Empty containers are piling up at major ports around the world as slowing economies weigh on shipping demand.
In the week of Feb. 5, the CAx (Container Availability Index) rose to 0.64, according to container monitoring platform Container xChange. It was the 11th consecutive week the index was above 0.6. CAx values above 0.5 mean that more containers entered a port than left it.
The CAx compares the number of full containers that were imported with the number exported. A CAx value of 0.5 means that the same number of containers leave and enter a port in the same week.
The docks in Shanghai port are filled with empty containers, and many must be moved to nearby Taicang port, a dock operator at Shanghai told Caixin. “We haven’t seen such a scene for years,” he said.
During COVID-related lockdowns early last year, containers piled up on the docks and caused months of backlog in Shanghai, the world’s biggest container port.
In recent months at export hubs including Shanghai and Qingdao, the CAx readings for 40-foot containers have held in the range of 0.6 to 0.7, while the indexes at the major import hubs of Antwerp in Belgium and Los Angeles in North America have been above 0.8, said Xu Kai, chief information officer of the Shanghai International Shipping Institute.
Since the fourth quarter of 2022, the return flow of empty containers has been generally higher than the export volume of filled containers, leading to widespread pressure on empty container stockpiles at China’s major ports, a large freight forwarder told Caixin.
Idle containers globally account for about 6% of total capacity, and some idle ships are also filled with empty containers, the freight forwarder said.
A.P. Moller-Maersk A/S, which handles about one-sixth of the world’s containers, said last week that 2023 demand in the container shipping industry is set to fall as much as 2.5% but may rise 0.5%.
The Copenhagen-based container giant said the company turned some idle medium-size container vessels into floating empty container platforms, which can be used to store empty containers to reduce costs and facilitate the transfer of empty containers between ports.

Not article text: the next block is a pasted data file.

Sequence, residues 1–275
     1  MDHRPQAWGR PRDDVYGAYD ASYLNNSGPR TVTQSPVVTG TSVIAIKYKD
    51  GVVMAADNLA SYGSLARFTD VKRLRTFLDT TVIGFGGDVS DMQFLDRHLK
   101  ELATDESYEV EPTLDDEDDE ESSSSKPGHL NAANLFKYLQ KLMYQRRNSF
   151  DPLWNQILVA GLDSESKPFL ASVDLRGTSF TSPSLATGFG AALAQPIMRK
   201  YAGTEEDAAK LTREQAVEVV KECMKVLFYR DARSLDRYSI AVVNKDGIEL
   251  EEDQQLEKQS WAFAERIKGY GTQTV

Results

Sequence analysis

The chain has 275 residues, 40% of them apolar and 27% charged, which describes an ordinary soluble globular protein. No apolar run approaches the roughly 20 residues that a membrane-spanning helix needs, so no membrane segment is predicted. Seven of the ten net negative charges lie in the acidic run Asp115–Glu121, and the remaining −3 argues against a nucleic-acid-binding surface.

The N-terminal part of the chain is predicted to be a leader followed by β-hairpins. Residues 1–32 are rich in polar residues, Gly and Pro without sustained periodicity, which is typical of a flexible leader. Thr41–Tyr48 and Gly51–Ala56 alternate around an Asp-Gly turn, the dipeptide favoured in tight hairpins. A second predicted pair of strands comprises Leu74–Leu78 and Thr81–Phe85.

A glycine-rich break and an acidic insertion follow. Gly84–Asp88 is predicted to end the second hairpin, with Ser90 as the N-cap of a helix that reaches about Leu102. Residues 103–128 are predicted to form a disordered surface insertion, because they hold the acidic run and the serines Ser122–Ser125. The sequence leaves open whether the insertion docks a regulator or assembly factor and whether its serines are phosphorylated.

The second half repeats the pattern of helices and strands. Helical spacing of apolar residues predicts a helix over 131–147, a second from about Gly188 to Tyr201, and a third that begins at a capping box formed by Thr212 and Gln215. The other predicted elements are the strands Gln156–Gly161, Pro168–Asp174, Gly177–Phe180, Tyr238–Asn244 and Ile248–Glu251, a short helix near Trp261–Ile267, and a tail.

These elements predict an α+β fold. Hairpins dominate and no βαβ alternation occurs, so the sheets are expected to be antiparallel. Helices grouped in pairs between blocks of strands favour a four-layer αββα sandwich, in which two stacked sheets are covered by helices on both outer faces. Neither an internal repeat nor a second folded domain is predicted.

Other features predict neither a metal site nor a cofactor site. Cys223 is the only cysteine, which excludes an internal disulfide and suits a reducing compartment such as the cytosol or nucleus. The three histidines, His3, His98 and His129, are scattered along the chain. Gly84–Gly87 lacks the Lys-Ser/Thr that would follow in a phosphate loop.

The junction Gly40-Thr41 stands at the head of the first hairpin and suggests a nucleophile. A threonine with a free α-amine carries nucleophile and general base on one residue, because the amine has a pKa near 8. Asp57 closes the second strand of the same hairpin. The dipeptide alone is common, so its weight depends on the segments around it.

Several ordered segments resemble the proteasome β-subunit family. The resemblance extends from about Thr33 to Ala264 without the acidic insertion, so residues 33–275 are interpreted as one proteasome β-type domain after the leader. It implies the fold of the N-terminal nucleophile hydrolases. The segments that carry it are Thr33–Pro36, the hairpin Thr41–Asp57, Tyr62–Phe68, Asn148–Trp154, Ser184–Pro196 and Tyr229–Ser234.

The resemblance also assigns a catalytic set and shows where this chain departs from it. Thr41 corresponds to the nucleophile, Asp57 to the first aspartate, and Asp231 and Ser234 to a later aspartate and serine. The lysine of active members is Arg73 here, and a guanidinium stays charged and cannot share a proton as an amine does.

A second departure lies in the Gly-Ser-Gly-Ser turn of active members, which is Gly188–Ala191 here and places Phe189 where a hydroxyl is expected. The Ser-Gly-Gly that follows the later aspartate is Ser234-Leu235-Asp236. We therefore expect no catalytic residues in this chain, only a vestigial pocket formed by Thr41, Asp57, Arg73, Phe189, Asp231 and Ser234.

An oversupply of containers also contributed to the pileup of empty containers at ports. In 2021, ocean carriers ordered a record number of containers while retiring fewer aging units. The global stock of shipping containers increased by 13% to almost 50 million twenty-foot equivalent units (TEUs) in 2021. That was three times the previous growth trend, according to maritime research consultancy Drewry.
Drewry estimated that as many as 6 million TEUs of surplus containers now exist in the global equipment pool.
Shipping consultancy Clarkson projected that container shipping volume will total 201 million TEUs in 2023, down 3.1% from last year.
As shipping demand slows, freight prices have also declined. Since the second half of 2022, the Shanghai Export Container Freight Index, which reflects spot market rates, fell by about 80%. On Friday, the spot shipping rate for a 20-foot container from Shanghai to Europe fell to $925, down 88% from the 2022 high, while the rate for a 40-foot container from Shanghai to the U.S. West Coast fell to $1,293, down 84% from the 2022 high, data from Shanghai Shipping Exchange showed.
Generally, the container shipping market gradually rebounds 45 days after Lunar New Year, which fell in late January this year, a senior freight forwarder told Caixin. But this year the recovery may take at least 60 days, he said.
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